The cable companies that every subscriber detests will not give up. They won't go away. Federal agencies designed to protect consumers can't stop them. They use their revenues from over-charged subscribers to appeal the Federal Communications Commission's decisions to federal courts. In the national view, they are the 800-pound gorillas in the room. States, cities and individual consumers are nothing more than annoying insects.
The big cable companies, which fought hard in the North Carolina General Assembly to outlaw competition from local governments and thereby protect their monopolistic practices, won a gift from a federal appeals court. The court ruled recently that the FCC cannot regulate cable services that provide internet access and cable television signals. The ruling leaves in place the state legislature's monopoly-endorsing law that makes it next to impossible for local governments to provide internet, phone and TV signals.
The city of Wilson, which had already put its Greenlight service into use before the law passed, was exempted from the barricade. But the ruling stamps out Wilson's intentions to expand its popular cable service.
Sen. Thom Tillis, who was leader of the Republican majority that passed the protectionist legislation, added insult to the injury with this statement: “Today’s ruling affirms the fact that unelected bureaucrats at the FCC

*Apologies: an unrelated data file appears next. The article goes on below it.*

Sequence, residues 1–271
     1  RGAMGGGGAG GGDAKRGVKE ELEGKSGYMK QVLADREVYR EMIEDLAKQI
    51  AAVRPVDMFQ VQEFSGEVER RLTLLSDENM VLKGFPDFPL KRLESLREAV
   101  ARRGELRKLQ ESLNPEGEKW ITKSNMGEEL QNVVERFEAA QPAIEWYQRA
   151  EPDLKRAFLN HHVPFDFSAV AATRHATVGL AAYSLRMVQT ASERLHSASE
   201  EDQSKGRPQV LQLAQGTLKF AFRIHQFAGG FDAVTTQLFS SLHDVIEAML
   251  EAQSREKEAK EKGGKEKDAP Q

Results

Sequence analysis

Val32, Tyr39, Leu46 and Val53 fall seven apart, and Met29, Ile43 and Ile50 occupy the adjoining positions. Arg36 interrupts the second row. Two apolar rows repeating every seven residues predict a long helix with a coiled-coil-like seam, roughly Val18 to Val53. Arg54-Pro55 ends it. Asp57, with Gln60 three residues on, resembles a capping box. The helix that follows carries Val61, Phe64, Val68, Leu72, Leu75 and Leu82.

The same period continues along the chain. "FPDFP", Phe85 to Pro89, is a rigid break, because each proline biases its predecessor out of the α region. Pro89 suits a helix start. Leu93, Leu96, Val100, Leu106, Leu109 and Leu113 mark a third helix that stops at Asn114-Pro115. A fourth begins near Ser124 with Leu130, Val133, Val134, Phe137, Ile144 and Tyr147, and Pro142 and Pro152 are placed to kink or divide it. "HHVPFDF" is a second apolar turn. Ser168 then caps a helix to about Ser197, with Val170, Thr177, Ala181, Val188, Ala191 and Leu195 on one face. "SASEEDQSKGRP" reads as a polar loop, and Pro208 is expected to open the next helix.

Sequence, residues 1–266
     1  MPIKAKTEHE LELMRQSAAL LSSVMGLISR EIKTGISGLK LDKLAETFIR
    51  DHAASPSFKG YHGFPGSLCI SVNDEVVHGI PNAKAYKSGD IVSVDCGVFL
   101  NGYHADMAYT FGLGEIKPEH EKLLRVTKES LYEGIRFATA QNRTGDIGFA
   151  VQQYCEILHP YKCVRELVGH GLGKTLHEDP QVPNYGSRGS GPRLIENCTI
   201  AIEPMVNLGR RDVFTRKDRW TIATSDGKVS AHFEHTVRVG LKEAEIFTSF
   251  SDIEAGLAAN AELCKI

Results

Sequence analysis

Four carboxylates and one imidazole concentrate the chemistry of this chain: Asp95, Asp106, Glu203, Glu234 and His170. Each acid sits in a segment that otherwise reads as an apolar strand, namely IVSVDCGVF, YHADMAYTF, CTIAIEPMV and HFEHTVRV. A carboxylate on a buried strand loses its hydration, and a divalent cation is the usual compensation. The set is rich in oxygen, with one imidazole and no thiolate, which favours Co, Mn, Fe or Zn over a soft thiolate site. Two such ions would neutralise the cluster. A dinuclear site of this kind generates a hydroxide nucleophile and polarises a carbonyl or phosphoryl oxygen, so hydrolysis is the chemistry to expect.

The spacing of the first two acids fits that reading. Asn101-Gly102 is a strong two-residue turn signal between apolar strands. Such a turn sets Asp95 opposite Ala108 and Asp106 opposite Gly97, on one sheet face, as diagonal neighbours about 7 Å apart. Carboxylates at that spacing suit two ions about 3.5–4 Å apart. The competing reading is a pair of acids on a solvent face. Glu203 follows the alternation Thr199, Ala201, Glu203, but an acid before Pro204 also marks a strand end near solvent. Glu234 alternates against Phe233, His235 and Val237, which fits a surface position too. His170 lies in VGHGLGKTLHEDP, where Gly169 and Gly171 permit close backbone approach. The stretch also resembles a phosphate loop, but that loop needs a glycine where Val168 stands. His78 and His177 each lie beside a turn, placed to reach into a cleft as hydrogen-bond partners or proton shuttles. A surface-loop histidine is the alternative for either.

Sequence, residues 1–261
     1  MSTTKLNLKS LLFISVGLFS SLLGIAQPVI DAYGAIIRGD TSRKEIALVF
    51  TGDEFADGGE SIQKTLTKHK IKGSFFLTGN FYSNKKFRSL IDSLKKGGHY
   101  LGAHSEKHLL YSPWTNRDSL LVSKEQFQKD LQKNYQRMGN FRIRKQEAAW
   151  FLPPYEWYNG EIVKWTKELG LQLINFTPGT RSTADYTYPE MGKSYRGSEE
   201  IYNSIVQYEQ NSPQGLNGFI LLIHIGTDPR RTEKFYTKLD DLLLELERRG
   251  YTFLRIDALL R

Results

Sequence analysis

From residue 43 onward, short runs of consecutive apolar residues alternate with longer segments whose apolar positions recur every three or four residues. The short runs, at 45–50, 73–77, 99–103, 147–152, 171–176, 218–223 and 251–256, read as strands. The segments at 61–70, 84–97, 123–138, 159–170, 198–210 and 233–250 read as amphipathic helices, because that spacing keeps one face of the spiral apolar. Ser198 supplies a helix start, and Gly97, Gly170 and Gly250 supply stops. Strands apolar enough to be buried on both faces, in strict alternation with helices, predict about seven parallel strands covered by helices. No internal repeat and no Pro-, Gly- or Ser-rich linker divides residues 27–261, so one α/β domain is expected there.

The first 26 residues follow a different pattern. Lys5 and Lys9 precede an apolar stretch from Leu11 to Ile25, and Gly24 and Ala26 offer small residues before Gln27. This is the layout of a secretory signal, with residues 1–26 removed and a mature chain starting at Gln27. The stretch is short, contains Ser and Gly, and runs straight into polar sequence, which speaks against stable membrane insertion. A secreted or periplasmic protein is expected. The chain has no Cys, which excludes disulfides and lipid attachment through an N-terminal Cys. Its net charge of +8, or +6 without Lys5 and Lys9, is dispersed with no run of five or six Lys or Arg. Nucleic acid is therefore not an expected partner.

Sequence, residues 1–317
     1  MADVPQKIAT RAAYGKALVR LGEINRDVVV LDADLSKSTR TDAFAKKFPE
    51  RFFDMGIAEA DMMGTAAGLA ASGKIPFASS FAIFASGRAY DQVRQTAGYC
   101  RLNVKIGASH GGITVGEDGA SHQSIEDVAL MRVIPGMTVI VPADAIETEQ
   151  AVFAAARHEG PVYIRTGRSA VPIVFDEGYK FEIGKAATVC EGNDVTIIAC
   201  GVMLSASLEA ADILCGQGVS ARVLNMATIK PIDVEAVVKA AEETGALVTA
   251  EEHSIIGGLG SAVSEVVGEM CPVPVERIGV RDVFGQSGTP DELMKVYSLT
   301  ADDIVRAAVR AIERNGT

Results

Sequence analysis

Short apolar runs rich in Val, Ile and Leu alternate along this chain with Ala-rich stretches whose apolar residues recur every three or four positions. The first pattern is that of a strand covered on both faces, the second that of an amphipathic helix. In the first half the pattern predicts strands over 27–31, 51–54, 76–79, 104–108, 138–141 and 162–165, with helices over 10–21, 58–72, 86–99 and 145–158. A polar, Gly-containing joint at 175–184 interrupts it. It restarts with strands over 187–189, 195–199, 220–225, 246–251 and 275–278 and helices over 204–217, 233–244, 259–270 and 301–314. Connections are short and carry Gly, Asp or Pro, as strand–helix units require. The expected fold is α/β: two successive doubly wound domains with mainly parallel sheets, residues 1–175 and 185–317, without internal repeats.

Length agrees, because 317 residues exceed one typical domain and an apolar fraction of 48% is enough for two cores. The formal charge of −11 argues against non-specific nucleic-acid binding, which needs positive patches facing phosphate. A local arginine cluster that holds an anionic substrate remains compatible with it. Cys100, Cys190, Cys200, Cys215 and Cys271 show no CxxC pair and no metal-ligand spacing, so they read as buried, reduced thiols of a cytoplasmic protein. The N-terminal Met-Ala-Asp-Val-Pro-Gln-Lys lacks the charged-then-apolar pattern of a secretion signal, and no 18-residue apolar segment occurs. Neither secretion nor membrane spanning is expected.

completely overstepped their authority by attempting to deny states like
North Carolina from setting their own laws to protect hardworking
taxpayers and maintain the fairness of the free market.” How is forcing "hardworking taxpayers" to buy their cable services at higher costs protecting consumers? Tillis should get the Double-Talk of the Year award for that piece of self-serving and false rhetoric.
Local governments that want to provide internet services to their communities, in places where the big monopolies don't want to go, with services the monopolies don't want to provide and at prices the monopolies think are too low, will have to appeal this decision to a higher court. If they can afford it. The cable monopolies will use their over-priced services to finance appeal after appeal — anything to protect their monopoly and the state legislation they bought from cheap politicians.